As Australian businesses emerge from the pandemic lockdowns and draw up plans for growth, increasing numbers are adopting a strategy of operational excellence.
Operational excellence involves everyone in an organisation and focuses on changing operations as well as business culture. The key principle of the strategy is that everyone in an organisation understands the value chain and their role within it. Once people understand the value chain, they are then empowered to improve it.
It should be recognised that operational excellence is not about tactical changes to particular processes or workflows. Rather, it involves an organisation-wide shift in culture that supports ongoing improvement.
Delivering business benefits
Instituting a strategy of operational excellence can deliver significant benefits to a business. These include:
Increased value: When a business improves its operational excellence, more value is generated for everything from productivity and sustainability to customer service and the bottom line.
Engaged employees: Within organisations that have implemented an operational excellence strategy, employees are much more engaged in the process of improving how the business functions. This, in turn, means they feel more empowered, valued, and dedicated to their roles.
Continual improvement: Many businesses implement productivity or efficiency drives designed to improve the workflows within a particular group or department. While these initiatives can bring benefits, they usually only result in short-term changes. By contrast, an operational excellence strategy focuses on continual improvement and remains a core part of every activity undertaken.
Enhanced teamwork: When a business introduces an operational excellence strategy, employees within and between departments will collaborate with one another on a more frequent basis to discover opportunities for improvement. This fosters better understanding and increases overall efficiency and productivity.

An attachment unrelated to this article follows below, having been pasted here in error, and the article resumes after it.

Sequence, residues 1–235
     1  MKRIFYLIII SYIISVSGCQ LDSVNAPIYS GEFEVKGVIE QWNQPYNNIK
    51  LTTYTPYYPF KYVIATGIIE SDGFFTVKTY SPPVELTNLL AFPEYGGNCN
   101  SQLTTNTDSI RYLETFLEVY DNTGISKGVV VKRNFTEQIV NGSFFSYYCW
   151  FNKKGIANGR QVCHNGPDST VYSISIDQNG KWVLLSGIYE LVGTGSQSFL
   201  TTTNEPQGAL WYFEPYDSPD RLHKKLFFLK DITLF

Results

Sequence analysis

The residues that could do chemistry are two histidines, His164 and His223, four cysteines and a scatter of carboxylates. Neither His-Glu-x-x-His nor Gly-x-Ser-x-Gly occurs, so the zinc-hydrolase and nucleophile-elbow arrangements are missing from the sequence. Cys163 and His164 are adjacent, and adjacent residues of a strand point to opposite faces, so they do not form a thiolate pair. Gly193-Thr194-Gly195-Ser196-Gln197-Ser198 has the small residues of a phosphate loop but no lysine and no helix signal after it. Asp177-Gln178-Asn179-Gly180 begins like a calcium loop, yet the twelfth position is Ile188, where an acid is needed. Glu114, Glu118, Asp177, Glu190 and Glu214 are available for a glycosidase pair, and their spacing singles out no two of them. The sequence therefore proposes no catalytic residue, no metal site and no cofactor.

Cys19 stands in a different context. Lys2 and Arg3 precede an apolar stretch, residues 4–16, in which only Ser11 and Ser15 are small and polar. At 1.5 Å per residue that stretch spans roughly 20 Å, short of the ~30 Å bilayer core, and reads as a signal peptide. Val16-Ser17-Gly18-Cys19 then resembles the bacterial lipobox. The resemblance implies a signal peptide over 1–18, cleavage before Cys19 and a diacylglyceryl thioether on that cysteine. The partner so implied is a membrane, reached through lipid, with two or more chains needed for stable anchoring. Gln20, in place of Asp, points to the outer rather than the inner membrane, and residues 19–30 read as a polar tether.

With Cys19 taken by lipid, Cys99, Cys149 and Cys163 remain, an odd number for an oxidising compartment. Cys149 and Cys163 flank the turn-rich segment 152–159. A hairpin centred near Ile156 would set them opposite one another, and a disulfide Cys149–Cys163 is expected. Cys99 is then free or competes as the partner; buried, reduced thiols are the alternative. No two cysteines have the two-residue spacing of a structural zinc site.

More efficient workflows
The concept of operational excellence can be applied to businesses in a wide variety of sectors. Examples include:
When patients visit their specialist at a hospital, the doctor refers them for a walk-in visit at the X-ray department. Unfortunately, this process can be very inefficient because the department is often busy and struggles to accommodate non-scheduled visits.
If that hospital had adopted a strategy of operational excellence, the doctor would better understand that unscheduled visits for X-rays are a burden on that department and difficult to manage. By communicating with one another, the doctors and the X-ray team could find an automated way to schedule same-day referrals. This would help the department more effectively manage waiting times which would result in a better experience for patients.
Staff within an events business are constantly choosing locations for upcoming conferences and trade shows. However, they regularly notice there are delays when it comes to getting equipment and food delivered and place blame on the procurement team.
However, if the business had mapped out its value chain, event managers would understand how their procurement department operates and the constraints that are placed on their activities. Working together, the two departments could improve the process to ensure more efficient planning and communication when selecting venues, selecting dates, and procuring needed items.
Contractors across multiple industries:
Leaders within growing organisations regularly commission freelancers to step in and help with ad hoc projects that need an injection of expertise. However, many freelancers complain that the company is slow at paying them, resulting in resistance to work with the business in future.
When organisations implement an operational excellence strategy, managers have a clearer idea of the finance department’s workflows. They could work together so that a smoother invoicing process is be set up, and ensure freelancers get paid faster.
Implementing an operational excellence strategy
As can be seen in these examples, a strategy of operational excellence can add value to almost any business. When staff fully understand the wider value chain, they can then collaborate with other departments to continually improve efficiency.
The first step in carrying out such a strategy is to map out the value chain as it currently exists. This should highlight the activities undertaken by each department and how they contribute to overall business activity.
Once all staff understand the complete value chain, they should be encouraged to continually improve it. In some cases, teams may decide to remove steps in the workflow, or other times they may choose to automate certain tasks.
Experience shows that a strategy of operational excellence can deliver big benefits to businesses of all types and sizes. Taking the first step today will result in significant improvements and payback in the future.